Mortgage rates rocketed in the week ending Feb. 8 despite some turbulence in the financial markets, according to the Primary Mortgage Market Survey released by Freddie Mac.
The 30-year fixed mortgage rate rose to its highest mark since December 2016. It averaged 4.32%, with an average 0.6 point, up from the previous average of 4.22. The average rate also marks an increase from the year-ago period, which posted a 4.17% average.
Rates for the 15-year fixed mortgage averaged 3.77%, with an average 0.5 point, rising from the 3.68% average in the previous period. Rates for the mortgage increased from the 3.39% average in the same week in 2017.
The 5-year Treasury-indexed hybrid adjustable-rate mortgage (ARM) averaged 3.57%, with an average 0.4 point, climbing from the 3.53% average in the previous period. A year ago at this time, the 5-year ARM averaged 3.21%.
"The US weekly average 30-year fixed mortgage rate rocketed up 10 basis points to 4.32% this week,” Freddie Mac Deputy Chief Economist Len Kiefer said. “Following a turbulent Monday, financial markets settled down with the 10-year Treasury yield resuming its upward march. Mortgage rates have followed. The 30-year fixed mortgage rate is up 33 basis points since the start of the year.”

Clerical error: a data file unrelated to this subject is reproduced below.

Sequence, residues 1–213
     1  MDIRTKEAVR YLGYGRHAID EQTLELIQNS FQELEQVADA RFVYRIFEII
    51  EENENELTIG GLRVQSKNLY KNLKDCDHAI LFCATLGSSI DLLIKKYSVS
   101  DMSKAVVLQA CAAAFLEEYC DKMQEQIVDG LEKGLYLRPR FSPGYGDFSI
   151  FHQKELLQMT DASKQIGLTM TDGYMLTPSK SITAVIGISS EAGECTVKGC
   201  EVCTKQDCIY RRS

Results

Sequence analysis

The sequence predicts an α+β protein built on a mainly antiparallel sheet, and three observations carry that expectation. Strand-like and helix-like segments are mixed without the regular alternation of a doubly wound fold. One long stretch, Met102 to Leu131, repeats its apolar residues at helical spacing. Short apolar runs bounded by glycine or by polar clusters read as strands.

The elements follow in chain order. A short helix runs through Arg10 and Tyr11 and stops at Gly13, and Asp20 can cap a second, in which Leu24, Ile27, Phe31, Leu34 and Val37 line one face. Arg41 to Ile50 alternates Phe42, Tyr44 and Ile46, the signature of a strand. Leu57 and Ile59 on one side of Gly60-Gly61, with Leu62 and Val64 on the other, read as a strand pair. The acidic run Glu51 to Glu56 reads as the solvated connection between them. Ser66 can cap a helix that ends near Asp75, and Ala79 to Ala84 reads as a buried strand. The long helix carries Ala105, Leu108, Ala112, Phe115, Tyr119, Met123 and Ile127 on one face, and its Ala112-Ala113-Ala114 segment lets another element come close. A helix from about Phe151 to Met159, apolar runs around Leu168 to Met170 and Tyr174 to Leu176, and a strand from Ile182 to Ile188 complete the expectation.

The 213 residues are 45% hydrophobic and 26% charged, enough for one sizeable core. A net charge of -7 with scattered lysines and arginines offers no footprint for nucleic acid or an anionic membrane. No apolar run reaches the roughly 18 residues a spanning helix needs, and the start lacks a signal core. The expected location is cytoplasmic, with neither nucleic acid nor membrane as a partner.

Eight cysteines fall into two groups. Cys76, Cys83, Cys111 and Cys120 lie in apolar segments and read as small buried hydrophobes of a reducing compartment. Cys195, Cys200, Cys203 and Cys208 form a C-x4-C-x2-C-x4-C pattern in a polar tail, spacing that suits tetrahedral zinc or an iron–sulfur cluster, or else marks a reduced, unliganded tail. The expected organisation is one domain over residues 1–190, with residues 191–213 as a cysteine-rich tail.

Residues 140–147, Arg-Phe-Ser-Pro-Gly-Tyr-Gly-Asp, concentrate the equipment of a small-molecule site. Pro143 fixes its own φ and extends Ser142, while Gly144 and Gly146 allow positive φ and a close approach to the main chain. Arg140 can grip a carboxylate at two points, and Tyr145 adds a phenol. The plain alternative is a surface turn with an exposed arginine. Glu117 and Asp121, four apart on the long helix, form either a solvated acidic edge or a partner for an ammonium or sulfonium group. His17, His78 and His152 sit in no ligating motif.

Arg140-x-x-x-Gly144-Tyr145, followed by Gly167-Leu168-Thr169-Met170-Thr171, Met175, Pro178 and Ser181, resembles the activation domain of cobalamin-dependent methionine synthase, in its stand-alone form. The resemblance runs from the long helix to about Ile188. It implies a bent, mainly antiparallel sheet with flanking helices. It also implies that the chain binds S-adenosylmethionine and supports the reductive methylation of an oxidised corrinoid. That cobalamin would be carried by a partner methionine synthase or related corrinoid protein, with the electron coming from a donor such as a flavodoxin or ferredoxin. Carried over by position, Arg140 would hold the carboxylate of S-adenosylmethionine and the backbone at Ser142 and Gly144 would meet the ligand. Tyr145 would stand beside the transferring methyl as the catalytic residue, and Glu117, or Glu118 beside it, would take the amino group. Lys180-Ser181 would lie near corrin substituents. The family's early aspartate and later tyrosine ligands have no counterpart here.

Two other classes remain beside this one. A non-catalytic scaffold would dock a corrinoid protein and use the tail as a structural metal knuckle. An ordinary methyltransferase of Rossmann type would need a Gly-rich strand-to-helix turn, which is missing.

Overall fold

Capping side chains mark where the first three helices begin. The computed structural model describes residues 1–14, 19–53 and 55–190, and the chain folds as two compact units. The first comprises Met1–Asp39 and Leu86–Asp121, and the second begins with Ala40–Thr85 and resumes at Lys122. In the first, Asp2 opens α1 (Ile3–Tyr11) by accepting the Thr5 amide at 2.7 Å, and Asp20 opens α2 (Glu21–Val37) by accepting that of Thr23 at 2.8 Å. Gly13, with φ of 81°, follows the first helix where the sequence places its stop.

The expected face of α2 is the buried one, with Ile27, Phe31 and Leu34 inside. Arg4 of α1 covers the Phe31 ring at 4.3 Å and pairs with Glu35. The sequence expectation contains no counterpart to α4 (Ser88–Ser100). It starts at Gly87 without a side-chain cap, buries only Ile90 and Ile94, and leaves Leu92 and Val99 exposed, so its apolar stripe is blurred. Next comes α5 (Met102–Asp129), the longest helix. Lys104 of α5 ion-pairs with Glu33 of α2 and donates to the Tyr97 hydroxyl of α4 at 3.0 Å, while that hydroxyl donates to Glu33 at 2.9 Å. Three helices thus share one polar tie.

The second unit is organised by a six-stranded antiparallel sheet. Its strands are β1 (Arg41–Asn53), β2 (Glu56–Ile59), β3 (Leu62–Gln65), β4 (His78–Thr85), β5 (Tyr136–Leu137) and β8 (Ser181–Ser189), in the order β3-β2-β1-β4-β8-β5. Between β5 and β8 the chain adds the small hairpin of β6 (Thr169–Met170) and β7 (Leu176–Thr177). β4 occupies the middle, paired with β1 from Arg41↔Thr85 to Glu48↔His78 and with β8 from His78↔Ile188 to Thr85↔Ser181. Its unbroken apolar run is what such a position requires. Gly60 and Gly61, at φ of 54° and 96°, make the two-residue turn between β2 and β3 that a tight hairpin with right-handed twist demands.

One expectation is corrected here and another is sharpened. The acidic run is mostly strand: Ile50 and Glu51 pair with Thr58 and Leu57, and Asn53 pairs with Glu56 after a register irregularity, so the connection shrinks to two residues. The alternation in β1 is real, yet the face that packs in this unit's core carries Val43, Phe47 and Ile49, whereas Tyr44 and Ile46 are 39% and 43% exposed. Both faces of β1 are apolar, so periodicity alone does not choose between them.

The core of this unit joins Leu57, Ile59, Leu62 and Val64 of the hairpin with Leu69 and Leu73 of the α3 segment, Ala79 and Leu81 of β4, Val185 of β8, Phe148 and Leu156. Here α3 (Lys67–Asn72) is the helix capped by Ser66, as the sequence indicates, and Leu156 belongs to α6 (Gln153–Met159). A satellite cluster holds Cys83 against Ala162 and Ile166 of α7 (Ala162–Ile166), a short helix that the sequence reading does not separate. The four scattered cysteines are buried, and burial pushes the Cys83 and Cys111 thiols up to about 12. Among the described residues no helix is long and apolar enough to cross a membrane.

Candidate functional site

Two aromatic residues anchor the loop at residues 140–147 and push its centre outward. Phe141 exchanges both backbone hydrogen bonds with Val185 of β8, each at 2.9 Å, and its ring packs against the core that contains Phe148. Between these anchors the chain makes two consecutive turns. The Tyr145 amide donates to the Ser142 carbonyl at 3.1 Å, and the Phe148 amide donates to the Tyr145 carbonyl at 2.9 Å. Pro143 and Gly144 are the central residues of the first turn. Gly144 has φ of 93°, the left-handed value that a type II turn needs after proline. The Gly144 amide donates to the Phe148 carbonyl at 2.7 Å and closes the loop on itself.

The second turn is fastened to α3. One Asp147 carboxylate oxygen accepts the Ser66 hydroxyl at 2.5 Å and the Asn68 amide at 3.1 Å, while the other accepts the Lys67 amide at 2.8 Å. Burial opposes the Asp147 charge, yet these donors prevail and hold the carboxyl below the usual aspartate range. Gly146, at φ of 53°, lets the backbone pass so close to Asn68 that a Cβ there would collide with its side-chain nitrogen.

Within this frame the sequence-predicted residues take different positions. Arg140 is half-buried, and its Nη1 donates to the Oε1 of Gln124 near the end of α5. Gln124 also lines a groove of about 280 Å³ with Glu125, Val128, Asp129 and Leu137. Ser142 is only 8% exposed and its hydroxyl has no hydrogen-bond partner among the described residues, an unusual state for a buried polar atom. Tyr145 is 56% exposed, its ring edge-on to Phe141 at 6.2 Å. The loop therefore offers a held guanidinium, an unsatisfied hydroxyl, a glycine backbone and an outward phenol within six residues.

Kiefer said it is too early to say if increasing rates will hinder the housing market’s momentum. However, initial readings show sustained momentum in housing markets so far, he said, noting that applications for purchase loans increased 8% year over year in the Weekly Mortgage Applications Survey released by the Mortgage Bankers Association.
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